Dates: 07 Nov – 31 Dec, 2013
Applications are invited for a one-year, non-teaching postdoctoral fellowship at Georgetown University beginning Fall 2014. The postdoctoral fellow will play an active role in the year-long John E.
Sawyer Seminar titled “Critical ‘Silk Road’ Studies,” funded by the Andrew W. Mellon Foundation and organized by Georgetown faculty members James Millward (Department of History, School of Foreign Service) and Michelle C. Wang (Department of Art and Art History). Applicants whose scholarly work addresses any of the geographical regions covered by the Silk Road, from ancient to contemporary, and represents any discipline in the humanities or social sciences are encouraged to apply. The fellow will be expected to attend all sessions of the Sawyer Seminar and to be an active participant in the Sawyer Seminar and University community. Additionally, the fellow is expected to pursue an active research agenda by making use of the resources of Georgetown University and the greater Washington, DC area.
The goals of the seminar are to provide an interdisciplinary and interregional platform in order to investigate the invention and development of the concept of the Silk Road as well as its on-going impact, its potential and limitations for framing fields of academic inquiry, and even its role in policy-making. By inviting the participation of scholars representing research specializations ranging from ancient and modern history, art history, religious studies, literature, musicology, anthropology, archaeology, as well as foreign policy academics and practitioners in an interrogation and exploration of the notion of the Silk Road, the seminar will furthermore address the challenges of seeing beyond the chronological, regional, linguistic, and disciplinary compartmentalization of specialists in order to better understand the workings of the trans-Eurasian Silk Road as a broader phenomenon.
For further information about the seminar, please visit silkroadseminar.georgetown.edu.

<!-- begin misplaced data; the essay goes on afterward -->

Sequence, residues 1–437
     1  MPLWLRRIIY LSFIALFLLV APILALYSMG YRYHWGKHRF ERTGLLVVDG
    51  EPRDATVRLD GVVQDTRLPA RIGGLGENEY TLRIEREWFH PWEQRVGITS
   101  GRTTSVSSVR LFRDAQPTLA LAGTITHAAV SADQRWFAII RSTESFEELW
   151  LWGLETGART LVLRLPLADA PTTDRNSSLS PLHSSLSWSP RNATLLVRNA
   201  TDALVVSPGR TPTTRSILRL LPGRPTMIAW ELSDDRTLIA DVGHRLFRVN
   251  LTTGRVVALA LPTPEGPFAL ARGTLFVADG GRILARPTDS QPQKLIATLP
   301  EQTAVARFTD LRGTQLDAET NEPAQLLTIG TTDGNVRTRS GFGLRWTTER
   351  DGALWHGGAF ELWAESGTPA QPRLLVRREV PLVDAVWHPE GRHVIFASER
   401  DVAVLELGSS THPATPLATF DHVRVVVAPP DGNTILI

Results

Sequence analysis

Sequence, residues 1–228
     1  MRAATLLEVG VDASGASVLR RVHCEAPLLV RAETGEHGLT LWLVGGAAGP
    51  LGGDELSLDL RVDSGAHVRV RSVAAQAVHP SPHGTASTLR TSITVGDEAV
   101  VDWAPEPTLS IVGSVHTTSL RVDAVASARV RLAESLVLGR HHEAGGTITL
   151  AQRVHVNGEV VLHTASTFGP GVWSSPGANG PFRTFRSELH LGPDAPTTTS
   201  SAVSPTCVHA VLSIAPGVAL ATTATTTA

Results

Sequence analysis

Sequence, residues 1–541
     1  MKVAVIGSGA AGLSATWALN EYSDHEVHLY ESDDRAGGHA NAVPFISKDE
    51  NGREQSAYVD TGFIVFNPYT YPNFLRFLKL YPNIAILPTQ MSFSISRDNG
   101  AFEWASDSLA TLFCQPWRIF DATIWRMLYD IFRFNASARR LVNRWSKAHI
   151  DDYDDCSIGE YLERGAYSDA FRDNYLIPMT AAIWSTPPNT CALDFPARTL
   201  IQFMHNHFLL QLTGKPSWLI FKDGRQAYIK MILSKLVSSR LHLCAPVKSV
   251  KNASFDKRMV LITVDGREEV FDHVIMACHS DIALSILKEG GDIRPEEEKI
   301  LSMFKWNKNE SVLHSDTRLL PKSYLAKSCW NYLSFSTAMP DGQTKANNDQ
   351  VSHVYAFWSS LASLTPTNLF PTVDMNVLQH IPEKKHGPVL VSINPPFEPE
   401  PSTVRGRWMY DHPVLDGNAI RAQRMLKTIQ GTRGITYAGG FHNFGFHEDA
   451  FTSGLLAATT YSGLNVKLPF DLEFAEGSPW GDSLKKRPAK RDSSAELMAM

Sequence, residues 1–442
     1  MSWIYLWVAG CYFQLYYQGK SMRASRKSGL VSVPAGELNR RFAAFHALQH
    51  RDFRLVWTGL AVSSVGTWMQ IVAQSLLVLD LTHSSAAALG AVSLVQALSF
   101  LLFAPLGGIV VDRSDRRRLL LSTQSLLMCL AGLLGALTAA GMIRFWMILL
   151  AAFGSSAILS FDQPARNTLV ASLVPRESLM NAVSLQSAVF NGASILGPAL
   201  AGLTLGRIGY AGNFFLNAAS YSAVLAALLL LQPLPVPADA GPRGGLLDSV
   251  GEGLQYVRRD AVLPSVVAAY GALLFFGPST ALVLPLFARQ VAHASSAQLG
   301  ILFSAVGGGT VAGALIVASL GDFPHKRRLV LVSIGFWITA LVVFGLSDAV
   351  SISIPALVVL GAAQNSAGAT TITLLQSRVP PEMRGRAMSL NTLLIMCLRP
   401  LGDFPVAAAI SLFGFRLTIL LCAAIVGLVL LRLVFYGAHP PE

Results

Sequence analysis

St. Andrews |
Dates: 07 Nov – 31 Dec, 2013
School of Art History, University of St. Andrews - Saturday 14 June 2014
The conference seeks to present original ideas relating to the design and construction of churches in Catholic Europe between ca. 1500 and 1750. New religious demands, arising out of the Counter-Reformation, led to innovations in both the form and function of the interior space of churches. This conference will provide a forum for presentations on these changes, and for discussion among scholars engaged in similar research.
We will consider proposals that may include but are not limited to:
- an art-historical or architectural analysis of the interior of a church built or renovated during this period, in both public and private contexts
- a study of church furnishings (e.g. altarpieces, pulpits, monuments, choir stalls), and their location and function within the church
- an investigation of patronage, both religious and secular; how the patron or donor may have influenced the construction of the church or parts of its interior.
Our plenary speaker will be Dr Martin Gaier, University of Basel, Switzerland.
The proceedings of this conference will be published in a special edition of North Street Review: Arts and Visual Culture, the postgraduate art history journal of the University of St Andrews.
Submissions will follow the formatting and image copyright guidelines set by the North Street Review, as detailed here http://ojs.st-andrews.ac.uk/index.php/nsr/index. Representatives from the ‘Open-Access and Online Journal System’ of the University of St Andrews Library and the Scholarly Communications team at the University of Edinburgh will give brief presentations on the constantly changing state of online and open-access publishing. This will be followed by a workshop/roundtable discussion about the implications of open-access for post-graduate scholarship. All students and staff are welcome.
We will also explore the possibility of forming a session, with presenters from our conference, to participate in the 2015 annual meeting of the Renaissance Society of America in Berlin. (Submissions for the 2015 RSA conference will not be open until spring 2014, so we cannot confirm this until then.)